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Clean up Decision Made for West Site/Hows Corner

Release Date: 10/01/2002
Contact Information: Alice Kaufman, EPA Press Office, 617-918-1064

Boston - EPA New England announced today an estimated $8.1 million interim groundwater cleanup plan for the West Site/Hows Corner Superfund Site in Plymouth, Maine. The plan calls for:

    • Installing a groundwater extraction and treatment system for a two-acre fenced area of the site thought to be the source of contaminated groundwater. This approach would serve to contain highly contaminated groundwater in this area while allowing for natural processes to act to clean the groundwater outside the containment area. This natural process is known as natural attenuation and involves the natural breakdown of materials through dissipation or dilution, for example.
    • Monitoring surface water, sediments, and groundwater outside the two-acre area to measure the progress of natural attenuation toward meeting cleanup goals and to ensure that the contaminated groundwater plume is not expanding.
    • Imposing groundwater use restrictions to reduce the risk that people are exposed to contaminated groundwater and to reduce the risk of drawing contaminants from the site. Prior to this, the decision calls for monitoring residential drinking water wells near the site and to provide public water should data show unsafe levels of contaminants.
"First and foremost, we want to make sure that people do not fear that their tap water is unsafe to drink," said Robert W. Varney, EPA New England regional administrator. "In the early 1990s, EPA installed a public water supply system to provide safe drinking water to those residents who own wells were are risk of contamination. This next step will both begin the lengthy process of cleaning up contaminated groundwater and place restrictions on its use until we are confident that the groundwater is safe enough to use."

EPA will continue to study the contaminated plume while evaluating the effectiveness of this remedy.

The cleanup is taking place at a former 17-acre waste oil storage and transfer facility, used from 1965 to 1980, affiliated with the Portland/Bangor Waste Oil Company. Waste oil, delivered by the company's tank trucks, was stored on site in 1,000- to 20,000-gallon storage tanks. The company collected, transported, and deposited unknown quantities of waste oil from military bases, auto dealerships, municipalities, local garages, bulk transportation companies, industries, and utility companies.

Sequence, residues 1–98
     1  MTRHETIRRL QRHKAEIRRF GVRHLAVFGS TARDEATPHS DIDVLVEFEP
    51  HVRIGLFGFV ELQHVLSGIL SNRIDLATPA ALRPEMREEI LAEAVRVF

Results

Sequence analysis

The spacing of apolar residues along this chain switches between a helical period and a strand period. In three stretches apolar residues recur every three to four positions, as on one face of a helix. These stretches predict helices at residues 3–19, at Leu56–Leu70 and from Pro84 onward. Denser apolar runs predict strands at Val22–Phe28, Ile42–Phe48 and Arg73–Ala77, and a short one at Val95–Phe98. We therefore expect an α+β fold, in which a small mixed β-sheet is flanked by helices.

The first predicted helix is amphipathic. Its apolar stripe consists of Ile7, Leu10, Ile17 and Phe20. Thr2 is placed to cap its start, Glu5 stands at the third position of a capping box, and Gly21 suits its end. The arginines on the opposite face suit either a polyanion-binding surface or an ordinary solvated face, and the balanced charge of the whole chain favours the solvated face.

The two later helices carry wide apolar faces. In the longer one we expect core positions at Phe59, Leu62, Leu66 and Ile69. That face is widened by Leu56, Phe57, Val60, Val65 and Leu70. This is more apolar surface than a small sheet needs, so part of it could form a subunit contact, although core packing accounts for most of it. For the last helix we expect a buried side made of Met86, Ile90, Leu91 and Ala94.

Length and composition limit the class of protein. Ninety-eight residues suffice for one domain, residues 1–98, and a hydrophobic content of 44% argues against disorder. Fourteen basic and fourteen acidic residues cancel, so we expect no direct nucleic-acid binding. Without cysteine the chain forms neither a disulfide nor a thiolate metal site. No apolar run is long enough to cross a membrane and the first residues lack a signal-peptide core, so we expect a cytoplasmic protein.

The lighter oil was eventually sold for fuel and the heavier oils for dust control on dirt roads. In 1980, the waste oil company ceased operations, cut up the tanks on site and sold them to a scrap metal dealer.

An EPA site investigation revealed that groundwater in private drinking water supply wells near the site and in monitoring wells on the site were contaminated with volatile organic compounds (VOCs), including tetrachloroethene, trichloroethene, and dichloroethene. Drinking water contaminated with these chemicals could pose a health threat. EPA has since installed a new water supply system to serve 36 residences whose drinking water was found to be contaminated. However, a number of residents near the site continue to use their own wells and there are a number of undeveloped parcels where a well could be installed at some future time.

Soils on the site were found to be heavily contaminated with polychlorinated biphenyls (PCBs) and volatile organic compounds. Consequently, more than 1800 tons of contaminated soils were removed for disposal off-site as part of previous EPA activities.